The UNCAC Coalition of CSOs, is deeply concerned about the arrest and continuing detention of Algerian anti-corruption activist Djilali Hadjadj. Hadjadj was arrested on Sunday 5 September 2010 at the airport in the north-eastern city of Constantine and as of last information is still being held by police prior to being charged. The UNCAC Coalition calls on the Algerian government to abide by its international law obligations regarding due process and proper treatment of detainees
Hadjadj is the president of a local anti-corruption organisation « L’Association algérienne de lutte contre la corruption> (AACC), an outspoken advocate who recently expressed critical views concerning corruption in Algeria and government actions on the issue. His organisation is a member of the UNCAC Coalition, a global network of civil society organisations.
In November 2009, the Algerian Government blocked Mr. Hadjadj’s organisation from being represented at the 3rd Conference of States Parties for the UN Convention against Corruption which took place in Doha. Djilali Hadjadj, now under arrest, was present at the 2nd UNCAC Conference in Indonesia in early 2008 and spoke on a panel about the need for protection of anti-corruption advocates and about his experiences with the Algerian Government. (Video film of parts of his presentation is available.)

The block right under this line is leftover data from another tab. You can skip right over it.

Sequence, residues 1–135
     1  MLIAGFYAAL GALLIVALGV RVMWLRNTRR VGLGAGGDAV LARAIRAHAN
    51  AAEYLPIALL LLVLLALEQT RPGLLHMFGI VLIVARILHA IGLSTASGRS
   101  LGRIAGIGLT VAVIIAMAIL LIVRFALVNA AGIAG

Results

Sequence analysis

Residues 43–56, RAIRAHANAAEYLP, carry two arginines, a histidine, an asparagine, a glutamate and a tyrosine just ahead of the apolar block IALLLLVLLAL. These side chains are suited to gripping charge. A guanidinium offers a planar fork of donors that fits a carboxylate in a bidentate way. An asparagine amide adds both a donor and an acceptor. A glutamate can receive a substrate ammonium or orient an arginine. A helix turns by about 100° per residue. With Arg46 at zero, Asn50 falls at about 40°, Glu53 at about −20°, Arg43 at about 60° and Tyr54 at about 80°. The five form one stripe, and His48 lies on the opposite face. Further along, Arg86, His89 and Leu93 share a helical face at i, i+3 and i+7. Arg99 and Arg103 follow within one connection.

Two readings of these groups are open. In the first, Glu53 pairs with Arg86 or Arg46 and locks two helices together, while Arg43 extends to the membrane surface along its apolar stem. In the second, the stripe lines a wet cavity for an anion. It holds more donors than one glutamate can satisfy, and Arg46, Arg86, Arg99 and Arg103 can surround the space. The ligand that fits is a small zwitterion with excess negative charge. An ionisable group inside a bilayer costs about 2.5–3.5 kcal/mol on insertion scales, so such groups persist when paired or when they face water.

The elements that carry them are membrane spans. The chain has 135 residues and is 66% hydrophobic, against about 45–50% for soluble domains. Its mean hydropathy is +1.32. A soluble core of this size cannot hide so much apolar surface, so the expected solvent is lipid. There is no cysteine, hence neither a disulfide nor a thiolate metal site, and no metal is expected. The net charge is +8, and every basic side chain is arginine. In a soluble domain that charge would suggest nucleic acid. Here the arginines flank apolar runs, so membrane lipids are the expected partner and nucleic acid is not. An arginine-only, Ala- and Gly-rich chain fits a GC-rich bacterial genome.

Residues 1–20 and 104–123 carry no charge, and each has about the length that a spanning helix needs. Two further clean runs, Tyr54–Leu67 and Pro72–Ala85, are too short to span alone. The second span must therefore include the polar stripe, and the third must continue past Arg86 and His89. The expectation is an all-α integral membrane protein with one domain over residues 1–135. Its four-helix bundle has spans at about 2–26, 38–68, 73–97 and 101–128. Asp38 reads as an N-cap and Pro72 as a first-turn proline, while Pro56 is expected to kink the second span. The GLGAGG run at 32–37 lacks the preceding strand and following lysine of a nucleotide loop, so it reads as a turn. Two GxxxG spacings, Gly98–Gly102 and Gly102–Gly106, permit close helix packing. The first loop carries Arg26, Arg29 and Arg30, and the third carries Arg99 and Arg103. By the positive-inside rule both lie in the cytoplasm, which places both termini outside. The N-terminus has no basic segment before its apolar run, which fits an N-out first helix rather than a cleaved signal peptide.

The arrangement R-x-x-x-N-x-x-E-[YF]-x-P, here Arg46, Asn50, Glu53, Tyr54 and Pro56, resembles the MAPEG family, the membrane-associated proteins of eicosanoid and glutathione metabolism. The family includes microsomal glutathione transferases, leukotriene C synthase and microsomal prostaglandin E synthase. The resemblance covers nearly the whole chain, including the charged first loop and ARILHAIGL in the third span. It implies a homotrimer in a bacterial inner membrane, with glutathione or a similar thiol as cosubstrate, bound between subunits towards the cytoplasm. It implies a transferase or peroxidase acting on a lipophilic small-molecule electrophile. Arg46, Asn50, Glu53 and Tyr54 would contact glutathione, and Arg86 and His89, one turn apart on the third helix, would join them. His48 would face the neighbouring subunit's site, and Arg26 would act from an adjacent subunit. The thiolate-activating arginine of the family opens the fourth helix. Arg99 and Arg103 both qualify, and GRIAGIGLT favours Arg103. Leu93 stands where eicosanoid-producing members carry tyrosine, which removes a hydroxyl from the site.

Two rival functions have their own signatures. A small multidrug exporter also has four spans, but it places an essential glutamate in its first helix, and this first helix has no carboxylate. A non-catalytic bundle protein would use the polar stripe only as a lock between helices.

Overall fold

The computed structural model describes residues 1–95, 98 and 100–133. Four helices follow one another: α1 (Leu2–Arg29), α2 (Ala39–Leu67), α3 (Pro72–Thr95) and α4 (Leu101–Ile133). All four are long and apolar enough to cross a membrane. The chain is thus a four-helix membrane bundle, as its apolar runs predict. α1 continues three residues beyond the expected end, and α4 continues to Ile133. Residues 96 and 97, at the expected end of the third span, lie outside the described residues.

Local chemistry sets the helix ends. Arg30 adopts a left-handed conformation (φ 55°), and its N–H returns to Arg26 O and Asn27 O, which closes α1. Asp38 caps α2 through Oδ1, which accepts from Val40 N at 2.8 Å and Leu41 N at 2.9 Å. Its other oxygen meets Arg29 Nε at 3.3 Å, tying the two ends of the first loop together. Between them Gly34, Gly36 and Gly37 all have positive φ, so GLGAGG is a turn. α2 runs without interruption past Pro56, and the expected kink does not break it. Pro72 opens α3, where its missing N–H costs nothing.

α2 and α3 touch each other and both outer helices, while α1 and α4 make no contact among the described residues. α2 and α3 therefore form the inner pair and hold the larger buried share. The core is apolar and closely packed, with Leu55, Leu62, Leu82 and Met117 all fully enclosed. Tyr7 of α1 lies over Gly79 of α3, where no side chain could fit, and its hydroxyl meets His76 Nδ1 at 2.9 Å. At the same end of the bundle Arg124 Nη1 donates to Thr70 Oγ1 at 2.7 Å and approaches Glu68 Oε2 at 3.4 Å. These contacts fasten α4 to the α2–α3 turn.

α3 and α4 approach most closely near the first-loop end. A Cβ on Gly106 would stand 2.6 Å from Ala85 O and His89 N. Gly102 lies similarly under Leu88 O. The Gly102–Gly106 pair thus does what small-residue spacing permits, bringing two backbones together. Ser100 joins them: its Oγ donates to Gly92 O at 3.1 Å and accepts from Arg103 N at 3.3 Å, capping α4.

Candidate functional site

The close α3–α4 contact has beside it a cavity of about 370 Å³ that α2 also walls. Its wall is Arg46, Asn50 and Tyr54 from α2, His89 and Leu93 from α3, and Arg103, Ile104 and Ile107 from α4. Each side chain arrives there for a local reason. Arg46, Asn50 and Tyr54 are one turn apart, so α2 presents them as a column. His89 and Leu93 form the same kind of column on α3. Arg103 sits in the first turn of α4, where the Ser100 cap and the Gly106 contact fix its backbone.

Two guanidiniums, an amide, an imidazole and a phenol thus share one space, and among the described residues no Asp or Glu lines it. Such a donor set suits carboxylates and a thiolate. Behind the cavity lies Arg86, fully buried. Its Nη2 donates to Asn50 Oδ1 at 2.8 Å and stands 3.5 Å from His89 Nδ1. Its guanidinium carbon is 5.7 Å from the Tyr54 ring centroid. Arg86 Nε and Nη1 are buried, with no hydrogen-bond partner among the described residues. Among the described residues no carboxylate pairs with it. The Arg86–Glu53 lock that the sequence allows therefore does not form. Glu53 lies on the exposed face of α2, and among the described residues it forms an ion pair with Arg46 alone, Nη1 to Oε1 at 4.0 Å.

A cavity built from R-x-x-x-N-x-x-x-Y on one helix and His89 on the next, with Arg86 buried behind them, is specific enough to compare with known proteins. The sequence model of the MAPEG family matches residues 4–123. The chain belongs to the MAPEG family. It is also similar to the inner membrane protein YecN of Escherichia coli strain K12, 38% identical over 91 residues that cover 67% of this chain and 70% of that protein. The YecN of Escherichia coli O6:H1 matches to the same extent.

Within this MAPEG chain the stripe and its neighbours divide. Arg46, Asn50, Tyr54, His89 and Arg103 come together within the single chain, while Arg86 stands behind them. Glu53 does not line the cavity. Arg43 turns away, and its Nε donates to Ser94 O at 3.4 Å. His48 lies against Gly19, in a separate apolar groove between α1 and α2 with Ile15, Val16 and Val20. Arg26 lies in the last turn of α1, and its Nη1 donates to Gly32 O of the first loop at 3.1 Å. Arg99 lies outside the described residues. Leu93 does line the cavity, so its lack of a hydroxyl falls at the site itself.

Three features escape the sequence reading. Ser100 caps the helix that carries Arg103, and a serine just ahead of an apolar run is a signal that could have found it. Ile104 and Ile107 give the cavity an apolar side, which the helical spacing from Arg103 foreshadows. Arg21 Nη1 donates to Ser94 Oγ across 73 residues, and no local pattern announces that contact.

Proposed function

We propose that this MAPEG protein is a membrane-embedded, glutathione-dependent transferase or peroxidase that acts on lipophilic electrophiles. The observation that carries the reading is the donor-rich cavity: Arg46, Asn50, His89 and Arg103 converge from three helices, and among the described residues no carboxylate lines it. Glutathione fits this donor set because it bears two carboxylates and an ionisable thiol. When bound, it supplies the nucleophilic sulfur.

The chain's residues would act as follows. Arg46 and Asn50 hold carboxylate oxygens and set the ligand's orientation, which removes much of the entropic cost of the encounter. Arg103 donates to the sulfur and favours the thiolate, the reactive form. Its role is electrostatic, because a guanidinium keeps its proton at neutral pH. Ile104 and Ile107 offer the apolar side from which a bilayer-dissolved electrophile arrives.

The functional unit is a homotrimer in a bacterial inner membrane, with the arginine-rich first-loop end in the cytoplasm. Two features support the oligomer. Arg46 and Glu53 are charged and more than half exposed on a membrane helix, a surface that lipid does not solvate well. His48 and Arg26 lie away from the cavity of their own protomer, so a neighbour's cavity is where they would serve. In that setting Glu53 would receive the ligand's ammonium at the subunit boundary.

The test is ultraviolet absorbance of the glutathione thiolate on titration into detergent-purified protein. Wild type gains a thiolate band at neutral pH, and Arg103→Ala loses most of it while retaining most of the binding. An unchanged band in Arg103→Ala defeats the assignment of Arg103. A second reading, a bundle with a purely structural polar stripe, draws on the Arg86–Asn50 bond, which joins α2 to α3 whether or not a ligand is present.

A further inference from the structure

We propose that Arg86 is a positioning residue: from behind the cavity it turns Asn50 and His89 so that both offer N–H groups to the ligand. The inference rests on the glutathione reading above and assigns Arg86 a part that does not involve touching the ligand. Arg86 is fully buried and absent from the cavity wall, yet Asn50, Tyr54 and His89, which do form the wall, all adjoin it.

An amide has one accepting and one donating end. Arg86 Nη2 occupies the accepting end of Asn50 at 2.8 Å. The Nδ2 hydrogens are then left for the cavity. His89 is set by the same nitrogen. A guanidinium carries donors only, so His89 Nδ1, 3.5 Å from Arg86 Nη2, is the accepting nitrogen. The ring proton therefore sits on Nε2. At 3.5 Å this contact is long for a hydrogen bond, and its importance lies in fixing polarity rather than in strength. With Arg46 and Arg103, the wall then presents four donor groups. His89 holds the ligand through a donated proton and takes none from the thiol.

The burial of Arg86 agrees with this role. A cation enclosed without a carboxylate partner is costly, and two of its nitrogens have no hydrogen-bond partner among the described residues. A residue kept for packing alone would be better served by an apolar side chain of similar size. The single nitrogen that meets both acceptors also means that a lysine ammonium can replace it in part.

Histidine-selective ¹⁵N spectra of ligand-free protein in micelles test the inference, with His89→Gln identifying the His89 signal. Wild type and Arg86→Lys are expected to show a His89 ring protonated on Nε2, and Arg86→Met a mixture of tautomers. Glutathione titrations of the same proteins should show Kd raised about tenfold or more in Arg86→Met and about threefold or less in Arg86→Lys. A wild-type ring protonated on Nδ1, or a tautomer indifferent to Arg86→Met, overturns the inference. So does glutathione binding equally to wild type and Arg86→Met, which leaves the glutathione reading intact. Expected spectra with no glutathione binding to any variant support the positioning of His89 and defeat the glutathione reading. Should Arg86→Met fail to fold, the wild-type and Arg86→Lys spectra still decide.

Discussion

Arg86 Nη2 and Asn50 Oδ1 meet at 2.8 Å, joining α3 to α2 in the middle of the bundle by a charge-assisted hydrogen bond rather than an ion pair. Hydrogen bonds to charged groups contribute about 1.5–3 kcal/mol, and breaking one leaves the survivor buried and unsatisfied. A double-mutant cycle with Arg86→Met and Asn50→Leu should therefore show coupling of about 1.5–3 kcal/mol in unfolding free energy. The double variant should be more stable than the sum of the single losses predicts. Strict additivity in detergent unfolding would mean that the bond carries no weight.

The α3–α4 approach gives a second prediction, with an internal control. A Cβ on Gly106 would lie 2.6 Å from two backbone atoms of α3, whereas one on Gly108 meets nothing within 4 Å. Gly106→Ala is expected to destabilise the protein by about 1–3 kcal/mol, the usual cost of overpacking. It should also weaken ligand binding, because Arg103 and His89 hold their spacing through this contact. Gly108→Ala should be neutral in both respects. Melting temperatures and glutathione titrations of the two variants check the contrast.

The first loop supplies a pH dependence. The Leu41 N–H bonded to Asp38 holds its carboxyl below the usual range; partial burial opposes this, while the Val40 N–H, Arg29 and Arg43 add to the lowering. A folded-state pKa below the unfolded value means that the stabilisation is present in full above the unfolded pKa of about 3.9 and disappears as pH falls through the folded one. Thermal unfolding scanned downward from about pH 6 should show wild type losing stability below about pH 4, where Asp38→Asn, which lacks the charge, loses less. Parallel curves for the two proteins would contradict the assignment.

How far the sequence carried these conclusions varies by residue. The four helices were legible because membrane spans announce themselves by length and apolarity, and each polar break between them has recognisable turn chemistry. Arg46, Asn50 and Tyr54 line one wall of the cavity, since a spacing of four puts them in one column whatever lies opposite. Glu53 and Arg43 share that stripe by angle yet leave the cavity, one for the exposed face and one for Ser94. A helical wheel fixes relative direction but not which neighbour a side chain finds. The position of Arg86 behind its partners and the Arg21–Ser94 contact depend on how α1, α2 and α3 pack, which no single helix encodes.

Although a local human rights organisation confirmed that Hadjadj has been in contact with his lawyer and wife, the Coalition is worried about his security, particularly in light of concerns over his health. According to family members, Hadjadj will be transferred today to Algiers, where a formal arraignment before a judge is expected. The activist was due to be transferred to the capital on Monday 06 September but the transfer is now scheduled to take place today.
For years, Hadjadj has worked to prevent and stop corruption in Algeria, with a critical but constructive stance. The Coalition calls upon the Algerian government to ensure a fair and transparent process in line with international standards.
Note to Editors: The United Nations Convention against Corruption (UNCAC) is the most comprehensive global legal framework for combating corruption. It is a binding agreement ratified by 141 states on standards and requirements for preventing, detecting, investigating and sanctioning corruption. The adoption of an effective review mechanism at the upcoming Conference of States Parties is essential for the success of the UNCAC. The UNCAC Coalition was formed in 2006 and is composed of almost 200 civil society organisations in more than 60 countries. Its goal is to promote ratification, implementation and monitoring of the UN Convention against Corruption. More information can be found at www.uncaccoalition.org